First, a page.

What are my options for non-legal commitment ceremonies?

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Djinnaya & Jason's wedding of WINNING
What if you don't want to get legally married, but you DO want to celebrate your commitment with your friends? Photo by Megan Finley.

I have been together with my partner for almost six years. We always spoke about marriage in the abstract, talking about “someday.” Recently my partner confessed that he had been thinking about asking me to be engaged, but he doesn't really want to get legally married. I was confused because engagement, to me, means preparing to get legally married.

But legal marriage has never been a priority or dream for me, so I don't really care about not getting married.

I have, however, been thinking about alternative, non-legal ceremonies where we could invite friends to symbolize our commitment without the legal aspect.

What kinds of non-wedding commitment ceremonies are there? 

There are many reasons that committed people don't get legally married — from not being allowed to by law, to just not being comfortable with the concept.

Ultimately, it's no-ones business why you don't want to make it legal! Here at Offbeat Bride, we just love the fact that you want to celebrate your commitment to one another. So here are some forms of non-legal wedding ceremonies you can do instead of getting legally married…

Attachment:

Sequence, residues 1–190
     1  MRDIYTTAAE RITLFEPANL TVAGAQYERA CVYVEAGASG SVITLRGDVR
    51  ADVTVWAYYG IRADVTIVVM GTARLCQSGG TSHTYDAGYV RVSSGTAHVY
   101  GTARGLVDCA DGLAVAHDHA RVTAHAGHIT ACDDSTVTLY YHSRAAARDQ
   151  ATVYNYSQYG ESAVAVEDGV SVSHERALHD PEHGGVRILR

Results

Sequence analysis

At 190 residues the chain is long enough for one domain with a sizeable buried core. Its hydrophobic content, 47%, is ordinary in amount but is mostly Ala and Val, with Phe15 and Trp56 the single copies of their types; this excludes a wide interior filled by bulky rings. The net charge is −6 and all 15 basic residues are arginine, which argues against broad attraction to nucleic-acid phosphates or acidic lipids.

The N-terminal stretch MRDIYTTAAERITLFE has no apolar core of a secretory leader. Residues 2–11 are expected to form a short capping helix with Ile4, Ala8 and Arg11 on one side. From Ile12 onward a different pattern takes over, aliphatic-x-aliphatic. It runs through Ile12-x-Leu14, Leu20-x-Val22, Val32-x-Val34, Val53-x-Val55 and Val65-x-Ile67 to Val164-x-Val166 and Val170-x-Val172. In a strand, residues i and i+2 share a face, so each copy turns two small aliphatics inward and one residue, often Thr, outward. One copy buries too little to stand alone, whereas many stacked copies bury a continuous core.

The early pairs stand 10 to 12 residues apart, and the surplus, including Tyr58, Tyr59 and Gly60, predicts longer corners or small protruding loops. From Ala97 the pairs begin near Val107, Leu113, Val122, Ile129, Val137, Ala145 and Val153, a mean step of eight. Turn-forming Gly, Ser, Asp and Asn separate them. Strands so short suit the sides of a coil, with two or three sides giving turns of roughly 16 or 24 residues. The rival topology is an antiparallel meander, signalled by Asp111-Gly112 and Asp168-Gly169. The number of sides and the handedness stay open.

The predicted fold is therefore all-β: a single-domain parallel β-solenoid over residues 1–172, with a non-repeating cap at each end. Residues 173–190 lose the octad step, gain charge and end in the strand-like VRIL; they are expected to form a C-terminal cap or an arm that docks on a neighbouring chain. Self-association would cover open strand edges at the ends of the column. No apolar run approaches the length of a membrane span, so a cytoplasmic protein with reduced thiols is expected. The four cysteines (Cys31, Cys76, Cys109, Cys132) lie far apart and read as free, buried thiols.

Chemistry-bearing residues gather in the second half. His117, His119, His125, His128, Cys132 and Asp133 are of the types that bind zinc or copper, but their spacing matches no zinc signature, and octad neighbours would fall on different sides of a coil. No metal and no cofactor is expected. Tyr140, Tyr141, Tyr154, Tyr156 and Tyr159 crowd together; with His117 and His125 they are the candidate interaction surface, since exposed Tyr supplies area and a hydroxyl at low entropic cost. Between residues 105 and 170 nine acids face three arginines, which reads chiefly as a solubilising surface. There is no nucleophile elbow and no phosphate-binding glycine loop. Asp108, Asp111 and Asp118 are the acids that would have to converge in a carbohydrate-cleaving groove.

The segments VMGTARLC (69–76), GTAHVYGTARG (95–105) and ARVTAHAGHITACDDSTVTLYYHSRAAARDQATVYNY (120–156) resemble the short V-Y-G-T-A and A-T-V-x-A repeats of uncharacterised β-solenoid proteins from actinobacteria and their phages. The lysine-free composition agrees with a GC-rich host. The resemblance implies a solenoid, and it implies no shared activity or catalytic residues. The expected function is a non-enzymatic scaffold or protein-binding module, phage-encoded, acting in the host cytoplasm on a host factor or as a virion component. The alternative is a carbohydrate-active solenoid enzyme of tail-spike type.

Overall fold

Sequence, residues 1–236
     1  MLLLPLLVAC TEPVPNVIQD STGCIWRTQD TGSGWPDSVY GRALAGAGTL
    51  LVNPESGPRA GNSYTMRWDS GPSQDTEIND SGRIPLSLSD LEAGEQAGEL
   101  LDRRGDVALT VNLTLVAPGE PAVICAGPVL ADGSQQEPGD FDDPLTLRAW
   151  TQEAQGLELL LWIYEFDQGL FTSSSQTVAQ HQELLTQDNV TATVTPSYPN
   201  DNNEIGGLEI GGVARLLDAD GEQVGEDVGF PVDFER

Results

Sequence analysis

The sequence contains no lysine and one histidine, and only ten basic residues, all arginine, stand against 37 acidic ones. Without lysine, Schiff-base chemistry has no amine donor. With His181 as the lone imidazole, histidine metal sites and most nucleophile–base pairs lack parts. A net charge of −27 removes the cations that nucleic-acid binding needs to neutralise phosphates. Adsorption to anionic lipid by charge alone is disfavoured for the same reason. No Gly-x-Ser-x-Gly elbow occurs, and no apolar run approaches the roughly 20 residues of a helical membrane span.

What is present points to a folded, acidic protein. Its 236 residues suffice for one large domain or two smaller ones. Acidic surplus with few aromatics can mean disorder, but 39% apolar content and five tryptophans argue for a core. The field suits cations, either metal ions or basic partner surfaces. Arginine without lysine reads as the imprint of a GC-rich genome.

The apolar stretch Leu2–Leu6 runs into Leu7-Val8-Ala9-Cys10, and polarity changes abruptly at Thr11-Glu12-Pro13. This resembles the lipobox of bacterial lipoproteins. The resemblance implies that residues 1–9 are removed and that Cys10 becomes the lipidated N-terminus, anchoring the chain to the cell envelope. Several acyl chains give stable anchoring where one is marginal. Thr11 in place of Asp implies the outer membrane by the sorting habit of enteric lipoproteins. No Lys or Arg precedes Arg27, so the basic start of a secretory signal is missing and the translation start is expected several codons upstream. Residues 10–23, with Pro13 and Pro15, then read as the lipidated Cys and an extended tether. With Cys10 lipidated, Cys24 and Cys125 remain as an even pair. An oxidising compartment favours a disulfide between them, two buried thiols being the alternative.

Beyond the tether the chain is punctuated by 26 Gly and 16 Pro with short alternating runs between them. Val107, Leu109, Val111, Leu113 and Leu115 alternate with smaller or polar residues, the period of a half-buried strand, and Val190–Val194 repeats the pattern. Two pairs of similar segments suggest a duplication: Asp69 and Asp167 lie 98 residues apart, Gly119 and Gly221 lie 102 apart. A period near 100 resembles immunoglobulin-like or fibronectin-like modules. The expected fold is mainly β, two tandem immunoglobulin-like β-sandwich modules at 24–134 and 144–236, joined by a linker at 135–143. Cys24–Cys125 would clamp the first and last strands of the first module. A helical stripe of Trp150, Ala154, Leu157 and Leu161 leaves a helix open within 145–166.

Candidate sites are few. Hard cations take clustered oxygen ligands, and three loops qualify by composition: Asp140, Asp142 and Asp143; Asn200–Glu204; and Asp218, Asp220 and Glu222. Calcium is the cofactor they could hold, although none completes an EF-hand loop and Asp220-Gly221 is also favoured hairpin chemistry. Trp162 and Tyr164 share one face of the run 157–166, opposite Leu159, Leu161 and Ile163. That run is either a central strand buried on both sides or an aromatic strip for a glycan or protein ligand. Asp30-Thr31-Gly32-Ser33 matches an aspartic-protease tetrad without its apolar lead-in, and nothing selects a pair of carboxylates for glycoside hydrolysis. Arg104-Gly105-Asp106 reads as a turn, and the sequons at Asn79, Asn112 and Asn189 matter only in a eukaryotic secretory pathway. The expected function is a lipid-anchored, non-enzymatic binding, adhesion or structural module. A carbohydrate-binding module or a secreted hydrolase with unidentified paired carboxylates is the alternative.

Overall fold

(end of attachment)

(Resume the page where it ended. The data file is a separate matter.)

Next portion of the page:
Unity ceremony

Scroll through our archives of awesome unity ceremonies — we've seen unity ceremonies that go way beyond the common shapes of “unity candle” or even “unity sand.” The idea is just to each contribute to uniting something. Unity sandwich? LOVE IT! Unity cocktail? YES!

Pick your favorite idea, or come up with something all your own and throw a unity ceremony party.

Unity celebration

This idea comes from Lith & Ealesy's Formal Feminist *Not Legal* Wedding:

We actually refer to [our non-legal wedding] as a unity celebration rather than a wedding because it was not a legally official or recognised occasion.

There are some guests who will get crabby if they thing you're getting legally married but aren't. Using language like “a unity celebration” helps avoid any confusion with guests who may have a lot of assumptions abut what the word “wedding” means.

Exchange vows without a contract

Take inspiration from Ben and Joriel's non-legal wedding and just exchange vows:

It did take some effort to get all our friends and family on board with the whole not-technically-a-wedding thing, but we felt good about making people think… Saying our vows to each other was the high point of the evening and, in many ways, the high point of our lives thus far. We printed the words in the program, so we didn't have to worry about speaking up for everyone to hear, and there was no officiant, so we were speaking directly to each other. It was powerful and weepy and unforgettable.At the end when we kissed, the crowd went wild, encouraged by the note in the program that said, “Please feel free to whoop and holler if you are so moved.

Handfasting as a non-legal commitment ceremony

Photos by John Newsome Photography

Doing a handfasting is an awesome way of having a wedding-type ceremony without the legalities. You may want to check out our handfasting archives for inspiration as well as these posts:

Just say nice things

tumblr_mnsnuyjZ4m1qhsqnpo1_1280Sarah and Tim, of Kermit and Miss Piggy fame, had a great idea when they got weddinged. Since they had already exchanged vows when they eloped, they used their party a year later as an excuse to say nice things to each other…

My husband and I decided that since it wasn't actually a wedding, we would just say nice things to each other instead of actual vows. We kept everything secret until we recited them at the reception and it was too sweet. -Sarah